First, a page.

Things You Should Know About Fake Check Scams
Along with other scams, fraud involving fake checks is on the rise. Like other schemes, the scammer's motive is to collect goods or money from you in an illegitimate way.
Examples of fake check scams
There are many variations of this scam, including:
You're given a counterfeit check from someone who buys something from you.
A scammer pretends to want to buy a high-ticket item that you're trying to sell through the Internet, such as Craigslist. The person buying claims to be using an "agent" or someone else to pick up the item for them; hence, sends you a cashier's check for an amount greater than your item's selling price and instructs you to wire the extra money to the "agent" to cover shipping and other fees.
A scammer pretends to hire you as a mystery shopper, instructed to "assess the quality" of a local money transfer service. You're sent a counterfeit cashier's check with instructions to deposit it and then withdraw its amount in cash to send back, using the money transfer service that you've been "hired" to assess.
A scammer claims to have overpaid you after sending you a check for a sweepstake winning, class action settlement, or another fictitious event. You get instructed to wire the difference to the sender after depositing the check.
How to spot fake check scams
A fake check can be difficult to identify; however, here are some tips to help you determine if you may have received a counterfeit check.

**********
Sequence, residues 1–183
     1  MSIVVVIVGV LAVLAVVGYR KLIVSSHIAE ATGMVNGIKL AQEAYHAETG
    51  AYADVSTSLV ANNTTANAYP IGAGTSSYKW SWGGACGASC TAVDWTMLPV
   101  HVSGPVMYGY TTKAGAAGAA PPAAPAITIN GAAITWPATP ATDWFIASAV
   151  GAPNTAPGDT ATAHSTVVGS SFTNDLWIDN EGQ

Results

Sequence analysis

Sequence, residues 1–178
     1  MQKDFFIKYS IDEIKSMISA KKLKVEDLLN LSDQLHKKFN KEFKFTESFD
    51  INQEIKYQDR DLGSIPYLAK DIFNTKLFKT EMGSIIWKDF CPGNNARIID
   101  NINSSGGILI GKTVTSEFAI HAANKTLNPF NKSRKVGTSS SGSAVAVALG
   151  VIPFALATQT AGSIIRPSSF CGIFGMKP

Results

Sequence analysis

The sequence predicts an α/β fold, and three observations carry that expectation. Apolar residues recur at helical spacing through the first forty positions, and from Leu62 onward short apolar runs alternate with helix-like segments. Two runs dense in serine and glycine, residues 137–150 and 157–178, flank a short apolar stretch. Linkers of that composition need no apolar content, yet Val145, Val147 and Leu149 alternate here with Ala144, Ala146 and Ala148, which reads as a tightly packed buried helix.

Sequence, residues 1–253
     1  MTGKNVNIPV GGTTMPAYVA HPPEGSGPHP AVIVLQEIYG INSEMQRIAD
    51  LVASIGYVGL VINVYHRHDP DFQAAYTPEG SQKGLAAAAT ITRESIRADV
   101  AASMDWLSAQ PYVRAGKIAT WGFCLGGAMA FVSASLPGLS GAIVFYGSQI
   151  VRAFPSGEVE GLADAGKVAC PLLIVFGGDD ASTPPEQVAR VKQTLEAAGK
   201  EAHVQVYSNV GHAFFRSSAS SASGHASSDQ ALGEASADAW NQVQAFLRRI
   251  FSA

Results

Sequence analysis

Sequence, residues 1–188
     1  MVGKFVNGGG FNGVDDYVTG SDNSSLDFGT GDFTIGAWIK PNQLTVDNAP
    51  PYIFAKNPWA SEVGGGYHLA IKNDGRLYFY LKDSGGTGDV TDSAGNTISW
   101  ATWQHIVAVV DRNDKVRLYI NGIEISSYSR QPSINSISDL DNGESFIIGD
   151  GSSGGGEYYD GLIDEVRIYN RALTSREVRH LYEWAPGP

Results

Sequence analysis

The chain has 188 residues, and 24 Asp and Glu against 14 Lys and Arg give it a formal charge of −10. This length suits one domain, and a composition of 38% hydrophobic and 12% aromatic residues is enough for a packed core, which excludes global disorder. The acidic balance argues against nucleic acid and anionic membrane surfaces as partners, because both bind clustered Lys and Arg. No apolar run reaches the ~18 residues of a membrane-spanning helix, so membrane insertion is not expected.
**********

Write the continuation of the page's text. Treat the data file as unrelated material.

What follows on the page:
The check is more than you expected.
You received specific instructions on how to deposit the check.
You were asked to send money back using an immediate form of payment such as a money order, gift card, wire transfer, or mobile payment.
You were told to act quickly; make the deposit and return the money.
The person who sent the check keeps asking when you're going to send the money.
What to do if you sent money to a scammer
If you have been a victim of a fake check scam, report it immediately to any of the following agencies:
The Federal Trade Commission at FTC Complaint Assistant
The U.S. Postal Inspection Service (if you received the check in the mail).
Your state or local consumer protection agencies. Visit NAAG for a list of state Attorneys General.
For online crimes involving counterfeit checks and money orders, file an online complaint with the Internet Crime Complaint Center
In addition to notifying the financial institution printed on the check, you can inform the website or online service where you encountered the scammer (for example, the online auction website or job posting website), so they can block the scammer from utilizing their services in the future.